On physical exam, a 3 cm × 3 cm area mass was noted on the right side of the neck at level 2. The area was soft and nontender and had no associated skin changes. A thorough dermatological exam yielded no additional cutaneous lesions. A 2 cm right buccal lesion and a 3 cm ventral tongue lesion were observed on inspection of the oral cavity (Figure 1(a)). Both were soft, nontender, relatively well-circumscribed, easily compressible, and associated with bluish mucosal change. The patient had similar 5 mm lobulated lesions located in the right posterior tongue and right superior tonsillar fossa (Figure 1(b)). Nasal endoscopy further revealed a 5 mm lesion in his left nasopharynx, and flexible laryngoscopy showed a 3 mm lesion in the left laryngeal ventricle (Figure 2(a)) and a 1 cm lesion in the right tongue base (Figure 2(b)).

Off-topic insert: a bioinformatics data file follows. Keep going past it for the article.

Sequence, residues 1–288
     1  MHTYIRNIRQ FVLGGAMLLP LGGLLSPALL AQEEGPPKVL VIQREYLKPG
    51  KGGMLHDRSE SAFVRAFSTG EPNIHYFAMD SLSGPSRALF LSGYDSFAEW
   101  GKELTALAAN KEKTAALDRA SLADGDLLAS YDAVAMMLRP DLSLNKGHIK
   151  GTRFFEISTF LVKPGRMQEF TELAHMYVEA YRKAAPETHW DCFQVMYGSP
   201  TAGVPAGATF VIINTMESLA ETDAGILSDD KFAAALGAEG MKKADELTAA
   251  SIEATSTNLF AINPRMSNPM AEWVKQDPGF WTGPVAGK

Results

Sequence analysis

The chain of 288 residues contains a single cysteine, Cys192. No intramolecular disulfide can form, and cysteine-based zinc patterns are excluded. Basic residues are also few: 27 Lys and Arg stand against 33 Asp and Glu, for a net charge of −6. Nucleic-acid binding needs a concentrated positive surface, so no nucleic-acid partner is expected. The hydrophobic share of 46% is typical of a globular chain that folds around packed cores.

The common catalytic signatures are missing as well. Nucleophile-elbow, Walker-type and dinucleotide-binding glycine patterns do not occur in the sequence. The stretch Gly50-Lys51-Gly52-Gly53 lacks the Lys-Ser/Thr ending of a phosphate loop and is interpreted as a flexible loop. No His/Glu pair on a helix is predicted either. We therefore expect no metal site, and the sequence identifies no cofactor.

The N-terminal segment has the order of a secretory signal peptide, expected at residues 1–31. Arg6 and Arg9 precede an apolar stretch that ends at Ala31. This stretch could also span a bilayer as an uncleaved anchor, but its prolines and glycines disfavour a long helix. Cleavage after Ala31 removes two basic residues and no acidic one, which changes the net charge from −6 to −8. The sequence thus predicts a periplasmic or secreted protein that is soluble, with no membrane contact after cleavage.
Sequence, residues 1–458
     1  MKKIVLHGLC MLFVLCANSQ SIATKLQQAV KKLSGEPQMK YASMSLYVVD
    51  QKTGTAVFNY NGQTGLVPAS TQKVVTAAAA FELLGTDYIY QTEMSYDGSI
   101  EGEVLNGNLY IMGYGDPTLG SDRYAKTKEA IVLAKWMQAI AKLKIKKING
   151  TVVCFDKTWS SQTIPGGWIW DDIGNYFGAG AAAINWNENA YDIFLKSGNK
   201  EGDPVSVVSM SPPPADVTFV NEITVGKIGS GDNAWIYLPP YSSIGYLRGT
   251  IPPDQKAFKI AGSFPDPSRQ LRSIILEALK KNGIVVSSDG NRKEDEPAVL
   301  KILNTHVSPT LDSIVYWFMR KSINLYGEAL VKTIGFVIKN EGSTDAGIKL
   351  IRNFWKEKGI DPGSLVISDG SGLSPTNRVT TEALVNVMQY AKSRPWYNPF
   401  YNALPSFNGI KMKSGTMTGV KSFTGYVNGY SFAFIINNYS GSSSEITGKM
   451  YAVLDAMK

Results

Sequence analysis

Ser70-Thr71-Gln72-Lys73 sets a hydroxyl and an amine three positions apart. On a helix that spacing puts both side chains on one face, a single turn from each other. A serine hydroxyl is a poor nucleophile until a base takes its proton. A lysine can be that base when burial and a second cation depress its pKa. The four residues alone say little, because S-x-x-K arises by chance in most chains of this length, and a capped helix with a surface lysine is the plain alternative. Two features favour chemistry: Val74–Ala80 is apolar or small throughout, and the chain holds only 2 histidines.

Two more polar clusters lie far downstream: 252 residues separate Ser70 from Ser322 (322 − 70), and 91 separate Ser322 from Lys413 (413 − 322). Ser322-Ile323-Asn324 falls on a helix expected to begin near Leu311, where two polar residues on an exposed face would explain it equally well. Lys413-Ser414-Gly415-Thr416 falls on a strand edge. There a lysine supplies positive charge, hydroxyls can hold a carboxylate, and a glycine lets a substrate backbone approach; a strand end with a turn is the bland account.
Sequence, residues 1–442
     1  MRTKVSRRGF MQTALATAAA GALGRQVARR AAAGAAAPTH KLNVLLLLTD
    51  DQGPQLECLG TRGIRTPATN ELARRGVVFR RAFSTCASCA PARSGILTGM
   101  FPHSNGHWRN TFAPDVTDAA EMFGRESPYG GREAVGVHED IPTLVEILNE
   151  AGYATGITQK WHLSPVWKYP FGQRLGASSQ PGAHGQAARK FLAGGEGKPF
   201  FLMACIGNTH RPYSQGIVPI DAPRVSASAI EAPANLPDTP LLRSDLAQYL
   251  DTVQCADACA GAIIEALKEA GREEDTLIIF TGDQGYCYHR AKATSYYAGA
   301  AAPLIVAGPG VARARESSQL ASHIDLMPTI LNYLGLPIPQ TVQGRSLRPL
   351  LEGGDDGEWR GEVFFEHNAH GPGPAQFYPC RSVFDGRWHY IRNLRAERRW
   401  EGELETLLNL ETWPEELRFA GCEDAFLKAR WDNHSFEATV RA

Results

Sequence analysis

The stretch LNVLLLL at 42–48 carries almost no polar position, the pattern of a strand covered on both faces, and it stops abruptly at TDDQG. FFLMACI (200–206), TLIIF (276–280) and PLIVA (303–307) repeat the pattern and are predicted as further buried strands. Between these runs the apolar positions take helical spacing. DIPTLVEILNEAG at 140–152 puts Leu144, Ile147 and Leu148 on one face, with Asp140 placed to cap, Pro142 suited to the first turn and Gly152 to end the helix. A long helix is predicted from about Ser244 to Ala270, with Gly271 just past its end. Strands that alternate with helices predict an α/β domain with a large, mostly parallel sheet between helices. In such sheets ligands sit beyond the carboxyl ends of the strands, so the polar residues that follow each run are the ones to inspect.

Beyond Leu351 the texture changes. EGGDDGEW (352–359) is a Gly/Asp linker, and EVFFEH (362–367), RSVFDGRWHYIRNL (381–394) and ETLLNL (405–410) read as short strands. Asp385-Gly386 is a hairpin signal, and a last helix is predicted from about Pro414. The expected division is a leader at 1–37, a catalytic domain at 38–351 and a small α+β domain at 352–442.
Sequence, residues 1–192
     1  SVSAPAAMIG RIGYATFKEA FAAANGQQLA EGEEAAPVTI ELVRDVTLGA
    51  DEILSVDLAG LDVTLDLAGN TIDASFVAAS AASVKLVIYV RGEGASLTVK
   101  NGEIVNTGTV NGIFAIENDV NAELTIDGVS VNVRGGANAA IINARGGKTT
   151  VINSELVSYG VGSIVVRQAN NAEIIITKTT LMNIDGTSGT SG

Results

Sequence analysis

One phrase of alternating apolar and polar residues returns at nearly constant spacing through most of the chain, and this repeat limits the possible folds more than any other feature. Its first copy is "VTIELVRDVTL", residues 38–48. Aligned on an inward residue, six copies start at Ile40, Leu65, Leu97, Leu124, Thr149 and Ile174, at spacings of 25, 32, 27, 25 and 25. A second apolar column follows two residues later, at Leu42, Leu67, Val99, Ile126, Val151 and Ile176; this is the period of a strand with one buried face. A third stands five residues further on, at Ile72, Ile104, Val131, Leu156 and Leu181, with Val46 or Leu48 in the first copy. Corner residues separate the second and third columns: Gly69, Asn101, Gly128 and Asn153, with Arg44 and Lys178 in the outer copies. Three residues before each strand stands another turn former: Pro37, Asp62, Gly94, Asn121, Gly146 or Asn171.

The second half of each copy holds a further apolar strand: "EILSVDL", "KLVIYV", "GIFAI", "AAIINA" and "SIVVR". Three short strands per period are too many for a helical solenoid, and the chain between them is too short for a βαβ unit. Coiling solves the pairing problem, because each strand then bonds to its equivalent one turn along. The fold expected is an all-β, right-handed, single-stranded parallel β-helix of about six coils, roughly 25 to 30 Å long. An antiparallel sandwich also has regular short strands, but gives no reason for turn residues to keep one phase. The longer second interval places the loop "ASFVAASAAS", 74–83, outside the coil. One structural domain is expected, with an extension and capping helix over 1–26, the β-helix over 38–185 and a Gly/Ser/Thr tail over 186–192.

T2-weighted magnetic resonance imaging (MRI) of the neck demonstrated the presence of 15 well-defined, variably sized, hyperintense lesions involving multiple tissues including the skin, mucosa, muscle, and viscera throughout the head and neck which were consistent with venous malformations. Lesions were found in the thyroid gland, left floor of the mouth, right suprahyoid posterior triangle, right posterior submandibular triangle, right supraclavicular fossa, and right lateral chest wall and superficial to the right superior trapezius (Figures 3(a) and 3(b)). Importantly, these lesions had definitive borders either with no drainage or with low draining veins. A Doppler ultrasound of the right side of the neck demonstrated a 3.7 cm × 1.3 cm × 2.7 cm lesion deep to the subcutaneous fat with rare, minute foci of vascular flow. Computed tomography (CT) of the neck did not reveal any phleboliths.